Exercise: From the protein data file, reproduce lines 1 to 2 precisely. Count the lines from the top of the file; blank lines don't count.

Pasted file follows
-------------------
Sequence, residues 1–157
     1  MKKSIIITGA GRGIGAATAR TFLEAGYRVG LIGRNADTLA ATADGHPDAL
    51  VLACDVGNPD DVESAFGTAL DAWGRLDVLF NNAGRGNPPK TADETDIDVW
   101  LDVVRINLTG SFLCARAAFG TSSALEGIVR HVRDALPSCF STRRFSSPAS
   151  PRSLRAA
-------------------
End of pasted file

Sequence, residues 1–157
     1  MKKSIIITGA GRGIGAATAR TFLEAGYRVG LIGRNADTLA ATADGHPDAL